The European Parliament’s confirmation of Ursula von der Leyen as Commission President marked a historic moment in the development of the EU.
For the first time, a woman holds the EU’s highest office – and she has made no secret of the role gender will play during her tenure.
The Commission President has said that her recent snub in Ankara, at a meeting to discuss violence against women, has ‘sharpened her focus’ on the pursuit of gender equality more than ever.
However, in the aftermath of a global pandemic, the impact of the Commission’s proposals may not match up to von der Leyen’s ambitious rhetoric.
From the get-go, von de Leyen’s proposals on gender equality have been more proactive – and less reliant on soft law – than those of her predecessors.
She announced she would strive for a gender balanced Commission, even threatening to ask member states for new names where they did not propose a substantial number of female candidates.
Her Commission also launched a Gender Equality Strategy (GES) which aims to make real progress on closing the gender care and pay gap, and tackling gender based violence, by 2025.
Von der Leyen’s pursuit of gender equality isn’t a new vocation for the Commission, which first committed to gender mainstreaming – placing gender at the heart of policy design and public spending – back in the 1990s.
Indeed, alignment with EU legislation on gender equality and equal pay has been as a requirement for EU accession since the implementation of the Copenhagen Criteria.
And there is no doubt that the EU has made headway on descriptive representation, with more women in high office across its institutions than ever before. The Union’s rhetoric on gender equality issues has also been relatively progressive for over two decades.
Yet there is still substantial progress to be made. A 2020 report from Eurostat shows that the EU has failed to close the gender employment gap across the continent, as laid out in the UN’s Sustainable Development Goals, and the gender pay gap across EU countries is stagnant at 15%.
A report from the Commission itself shows that the scale of this challenge will only increase in the aftermath of the Covid-19 pandemic.
Women are significantly more likely to have faced career disruptions, been burdened with additional caring responsibilities, and faced increased exposure to domestic violence and unemployment as a result of the pandemic, in a shift that could set the fight for true gender parity back even further.
This same Commission report proposes, unsurprisingly, that gender mainstreaming will be crucial in tackling the challenges faced by women in the aftermath of Covid-19. The GES could, therefore, prove to be a step in the right direction, and a useful policy framework to build upon.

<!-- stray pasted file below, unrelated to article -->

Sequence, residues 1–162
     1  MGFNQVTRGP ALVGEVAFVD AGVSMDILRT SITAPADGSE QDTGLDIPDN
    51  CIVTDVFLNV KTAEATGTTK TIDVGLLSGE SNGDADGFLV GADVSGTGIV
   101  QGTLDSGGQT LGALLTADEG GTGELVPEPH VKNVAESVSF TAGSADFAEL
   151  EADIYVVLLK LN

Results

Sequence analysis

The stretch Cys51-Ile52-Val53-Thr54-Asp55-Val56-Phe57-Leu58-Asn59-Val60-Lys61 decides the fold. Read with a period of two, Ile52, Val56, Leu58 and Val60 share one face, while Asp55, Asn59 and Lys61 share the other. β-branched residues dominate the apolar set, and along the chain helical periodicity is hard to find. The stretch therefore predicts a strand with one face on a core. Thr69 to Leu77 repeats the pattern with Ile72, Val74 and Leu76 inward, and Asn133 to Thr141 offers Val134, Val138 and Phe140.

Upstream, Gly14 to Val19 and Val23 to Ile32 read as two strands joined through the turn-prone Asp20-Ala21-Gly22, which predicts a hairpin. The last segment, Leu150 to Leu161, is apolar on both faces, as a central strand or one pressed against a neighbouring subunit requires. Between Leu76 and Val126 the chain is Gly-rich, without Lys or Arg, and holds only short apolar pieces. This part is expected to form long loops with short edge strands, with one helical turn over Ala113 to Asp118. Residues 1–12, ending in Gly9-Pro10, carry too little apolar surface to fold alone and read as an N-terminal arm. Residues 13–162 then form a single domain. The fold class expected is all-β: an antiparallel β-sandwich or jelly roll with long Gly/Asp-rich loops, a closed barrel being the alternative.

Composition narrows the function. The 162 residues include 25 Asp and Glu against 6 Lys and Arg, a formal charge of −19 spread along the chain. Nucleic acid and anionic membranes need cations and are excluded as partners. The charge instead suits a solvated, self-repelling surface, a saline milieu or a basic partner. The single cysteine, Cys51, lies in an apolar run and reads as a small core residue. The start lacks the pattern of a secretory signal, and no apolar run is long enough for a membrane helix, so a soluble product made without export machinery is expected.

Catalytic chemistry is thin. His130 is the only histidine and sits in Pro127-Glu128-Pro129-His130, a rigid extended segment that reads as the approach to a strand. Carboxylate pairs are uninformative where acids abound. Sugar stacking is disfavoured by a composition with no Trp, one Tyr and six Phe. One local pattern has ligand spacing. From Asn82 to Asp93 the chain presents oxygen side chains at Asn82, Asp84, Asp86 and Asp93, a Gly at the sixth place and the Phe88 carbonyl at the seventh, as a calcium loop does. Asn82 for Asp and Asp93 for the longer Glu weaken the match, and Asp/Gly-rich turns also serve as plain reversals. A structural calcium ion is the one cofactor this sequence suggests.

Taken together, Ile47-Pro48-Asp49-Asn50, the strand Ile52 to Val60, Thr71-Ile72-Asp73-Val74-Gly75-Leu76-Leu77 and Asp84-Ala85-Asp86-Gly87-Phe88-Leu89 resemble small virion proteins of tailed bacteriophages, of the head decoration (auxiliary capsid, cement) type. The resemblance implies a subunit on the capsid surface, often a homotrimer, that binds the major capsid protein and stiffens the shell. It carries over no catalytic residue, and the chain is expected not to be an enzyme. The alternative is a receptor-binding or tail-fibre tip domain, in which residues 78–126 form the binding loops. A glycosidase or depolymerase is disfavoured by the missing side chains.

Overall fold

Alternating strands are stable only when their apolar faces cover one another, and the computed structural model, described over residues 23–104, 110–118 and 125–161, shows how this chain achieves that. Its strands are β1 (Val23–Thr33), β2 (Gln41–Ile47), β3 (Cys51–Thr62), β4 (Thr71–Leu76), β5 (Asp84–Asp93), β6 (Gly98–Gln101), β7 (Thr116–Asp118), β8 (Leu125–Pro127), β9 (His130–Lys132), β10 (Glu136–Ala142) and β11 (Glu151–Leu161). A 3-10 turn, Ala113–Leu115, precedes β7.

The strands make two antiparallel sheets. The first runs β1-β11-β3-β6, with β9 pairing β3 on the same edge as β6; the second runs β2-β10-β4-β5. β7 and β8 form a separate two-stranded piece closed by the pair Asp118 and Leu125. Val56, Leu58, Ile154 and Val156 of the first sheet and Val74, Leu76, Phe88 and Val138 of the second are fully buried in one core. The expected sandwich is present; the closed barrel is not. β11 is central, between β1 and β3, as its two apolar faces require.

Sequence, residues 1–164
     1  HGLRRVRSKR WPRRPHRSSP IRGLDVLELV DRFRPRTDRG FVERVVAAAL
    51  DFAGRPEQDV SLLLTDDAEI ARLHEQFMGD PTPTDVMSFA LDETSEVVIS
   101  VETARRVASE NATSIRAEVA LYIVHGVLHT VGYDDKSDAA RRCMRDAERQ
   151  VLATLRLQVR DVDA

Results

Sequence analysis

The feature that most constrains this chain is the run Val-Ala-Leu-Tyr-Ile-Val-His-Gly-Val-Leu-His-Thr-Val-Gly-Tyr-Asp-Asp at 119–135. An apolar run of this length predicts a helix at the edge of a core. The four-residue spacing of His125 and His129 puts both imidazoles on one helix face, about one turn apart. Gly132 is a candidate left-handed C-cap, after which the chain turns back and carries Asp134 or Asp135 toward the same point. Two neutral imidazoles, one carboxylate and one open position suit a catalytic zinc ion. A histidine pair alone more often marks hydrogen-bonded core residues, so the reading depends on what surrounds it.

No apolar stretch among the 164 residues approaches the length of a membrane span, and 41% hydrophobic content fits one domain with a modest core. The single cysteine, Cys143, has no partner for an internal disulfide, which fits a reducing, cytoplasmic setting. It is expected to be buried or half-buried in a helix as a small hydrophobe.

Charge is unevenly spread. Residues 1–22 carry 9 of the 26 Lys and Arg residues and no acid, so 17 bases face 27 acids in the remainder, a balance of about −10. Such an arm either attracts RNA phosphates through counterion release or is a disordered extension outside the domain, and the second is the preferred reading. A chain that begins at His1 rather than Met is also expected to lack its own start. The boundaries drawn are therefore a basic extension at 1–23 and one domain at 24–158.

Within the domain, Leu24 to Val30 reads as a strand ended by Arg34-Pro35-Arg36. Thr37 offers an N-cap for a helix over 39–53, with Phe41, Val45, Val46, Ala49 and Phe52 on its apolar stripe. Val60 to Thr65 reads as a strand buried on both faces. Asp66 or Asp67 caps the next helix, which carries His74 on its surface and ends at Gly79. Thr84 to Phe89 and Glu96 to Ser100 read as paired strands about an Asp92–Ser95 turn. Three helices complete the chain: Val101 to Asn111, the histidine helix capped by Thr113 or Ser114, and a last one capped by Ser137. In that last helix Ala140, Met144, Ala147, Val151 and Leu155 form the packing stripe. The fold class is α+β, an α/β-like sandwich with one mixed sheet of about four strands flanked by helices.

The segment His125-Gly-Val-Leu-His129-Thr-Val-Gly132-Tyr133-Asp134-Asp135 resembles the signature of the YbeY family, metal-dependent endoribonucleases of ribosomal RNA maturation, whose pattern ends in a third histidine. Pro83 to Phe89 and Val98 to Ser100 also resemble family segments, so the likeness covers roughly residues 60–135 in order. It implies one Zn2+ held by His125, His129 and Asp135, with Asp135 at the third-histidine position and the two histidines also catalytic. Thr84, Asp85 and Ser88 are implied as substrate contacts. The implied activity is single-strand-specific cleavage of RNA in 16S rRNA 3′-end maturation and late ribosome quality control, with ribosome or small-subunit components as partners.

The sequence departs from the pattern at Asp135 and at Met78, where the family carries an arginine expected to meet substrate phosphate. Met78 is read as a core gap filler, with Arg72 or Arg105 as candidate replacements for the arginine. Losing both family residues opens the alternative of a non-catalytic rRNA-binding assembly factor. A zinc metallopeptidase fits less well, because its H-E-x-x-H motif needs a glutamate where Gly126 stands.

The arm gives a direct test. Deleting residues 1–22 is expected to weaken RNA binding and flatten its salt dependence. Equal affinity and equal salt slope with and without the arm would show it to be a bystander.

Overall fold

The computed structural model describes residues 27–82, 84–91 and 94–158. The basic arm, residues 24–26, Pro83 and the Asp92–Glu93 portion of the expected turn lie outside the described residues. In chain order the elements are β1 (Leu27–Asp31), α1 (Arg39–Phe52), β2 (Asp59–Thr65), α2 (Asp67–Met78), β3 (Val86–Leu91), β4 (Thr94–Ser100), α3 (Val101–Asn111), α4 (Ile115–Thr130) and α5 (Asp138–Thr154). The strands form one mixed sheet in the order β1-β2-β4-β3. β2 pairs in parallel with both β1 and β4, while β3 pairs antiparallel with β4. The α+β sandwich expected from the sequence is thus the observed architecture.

However, despite first coming into prominence in the mid-1990s, an EU spending review has shown that gender mainstreaming is still rarely used as a framework to guide significant public spending decisions.
This surely raises the question of whether the Commission’s strategy is radical enough to succeed where its previous initiatives have failed.
Admittedly, though some of the GES’ more radical proposals, including binding measures on pay transparency, originally failed to materialise before the 2020 deadline set by the President, the Commission’s recently announced draft directive on equal pay seems a positive step forward.
The situation likely won’t be helped by the fact that, even where more binding policy proposals to promote gender equality have been put forward, von der Leyen has seen her programme stymied by member state governments. The Women on Boards Directive, a priority under the GES, is still stuck in Council.
Additionally, ratification of the Istanbul Convention, described as a ‘main target’ for the EU’s Equality Commissioner, is still pending in five EU countries, with the Commission facing active rebellion from Hungary and Poland.
The Commission President may have imagined that her missive would at least be more warmly received by the European Parliament.
It is regarded as one of the most gender-equal legislatures in the developed world, boasting a high proportion of women MEPs, and known for actively promoting gender equality directives via the Committee on Women’s Rights and Gender Equality (FEMM).
But even this seems unlikely, as the institution has seen gender become an increasingly polarising topic for its members, with a growing number of MEPs describing themselves as opposed to gender equality and women’s rights.
The Commission President came to office in 2019 promising a fundamental rethink of the EU’s gender equality policy.
As EU institutions begin to debate how to respond to the gendered impact of Covid-19, she will likely have to confront the question of whether the policies put forward in the GES, or at least those which European policymakers are willing to adopt, are fit for purpose.
And the signs are not encouraging. Von der Leyen has overseen the launch of the Conference on the Future of Europe, set to shape EU priorities for year to come.
Yet even here, ‘gender mainstreaming’ hasn’t been successfully implemented. The Conference’s Executive Board, announced two days after International Women’s Day, is made up of six men and a sole woman.
EP President David Sassoli has expressed disappointment that the board ‘regretfully does not reflect our commitment for gender balance’.
The same, sadly, could be said for von der Leyen’s substantive as opposed to rhetorical record as Commission President so far.
By Sophie Stowers, UK in a Changing Europe.